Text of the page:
A straight-forward, simple story, if even a bit cliched. A mother, Karla Dyson (Halle Berry – X-Men: Days of Future Past) is going through a divorce. She takes her son, Frankie (Sage Correa), to a park, and while on her phone arguing, the child is kidnapped. She sees him getting into a car, in the distance, and gives chase, with the entire film following this chase, mostly by car, and at times on foot.
A very simple story, devoid of any twists, but also devoid of any substance. Karla drives like a maniac, causing many terrible accidents along the road as she goes, and is constantly talking to herself or to the not present Frankie in the most annoying way. This is likely for want of exposition, to help the audience, or just to fill the scene with some dialogue while she careens down various highways.
So little background or backstory is given to either the protagonists or antagonists, that one eventually just wishes they whole lot would be captured, and we can be done with a rather boring film that falls way short of anything to do with a thriller or action piece.
This terrible B-grade film is a long way from the Oscar winning roles of Halle Berry. A film without any substance.
Overall, the disc for Kidnap is of a very high technical standard, however with no bonus material, and a main feature story that is likely to infuriate more than entertain.
Kidnap is available now, to purchase on disc, in South Africa.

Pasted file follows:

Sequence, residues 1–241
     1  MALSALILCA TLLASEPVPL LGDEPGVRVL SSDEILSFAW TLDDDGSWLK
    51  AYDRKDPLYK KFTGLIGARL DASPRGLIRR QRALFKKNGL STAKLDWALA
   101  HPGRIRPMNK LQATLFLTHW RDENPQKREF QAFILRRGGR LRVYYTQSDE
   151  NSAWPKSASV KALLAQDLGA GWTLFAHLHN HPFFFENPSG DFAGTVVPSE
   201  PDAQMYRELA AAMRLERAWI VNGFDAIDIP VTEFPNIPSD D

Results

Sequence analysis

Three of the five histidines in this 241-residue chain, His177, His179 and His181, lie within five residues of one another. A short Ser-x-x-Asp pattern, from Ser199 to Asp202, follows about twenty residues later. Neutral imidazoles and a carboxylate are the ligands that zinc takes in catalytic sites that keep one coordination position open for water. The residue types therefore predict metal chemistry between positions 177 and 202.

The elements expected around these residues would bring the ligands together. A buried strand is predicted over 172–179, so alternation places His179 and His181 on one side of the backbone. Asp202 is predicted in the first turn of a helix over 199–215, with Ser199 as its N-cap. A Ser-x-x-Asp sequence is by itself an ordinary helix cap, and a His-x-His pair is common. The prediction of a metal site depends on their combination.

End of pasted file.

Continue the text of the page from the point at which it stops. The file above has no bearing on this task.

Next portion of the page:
Video is encoded at a high average bitrate, far higher than most other DVD discs. There are no visible on-screen artefacts, nor any colour bleed. Colour are rich and vibrant where needed, and detail in the few darker scenes is excellent.
There are many fast paced scenes in the film, and with the incredibly high bitrate, these look excellent. The video image scaled up to a larger and higher resolution screen looks great too, although results may vary depending on the hardware or software up-scaling method.
Audio is encoded at a high average bitrate, and presented in a Dolby Digital 5.1 mix, with a stereo 2.0 downmix. Switching between these two can only be done via hardware or software selection on the player, and not via the disc menu.
Dialogue is clear via the centre speaker, with the front channels used for environmental audio and music. The surrounds are used to great effect throughout the film, to expand the on-screen world and further draw the viewer into the action. The rear channels carry a significant amount of discrete audio.
Navigation is simple, and easy to follow. The main menu is static, with accompanying background music. There are text links to play the main feature, and for scene selection. Red is highlighted here, as some viewers may be unsure.
The scene selection sub-menus each have four small, motion, colour thumbnails each, for a total of twenty chapters. While these are numbered, they are not labelled, neither is there a chapter listing insert in the packaging. This would mean that navigating to a particular part of the main feature would require some guesswork. Viewers would be better of creating their own bookmarks using their hardware or software player.
There are no bonus features on the disc, except for trailers to Wonder Wheel, Megan Leavey, and Breath. These autoplay at the beginning of the disc, and while they can be fast-forward or skipped individually, they can not be accessed again via the disc menu system.
Packaging is pretty standard, with a poster, title and cast name listing on the front. The back has a few stills from the film, a short synopsis, and the usual technical information about the disc.
There are no package inserts, such as chapter listing, included.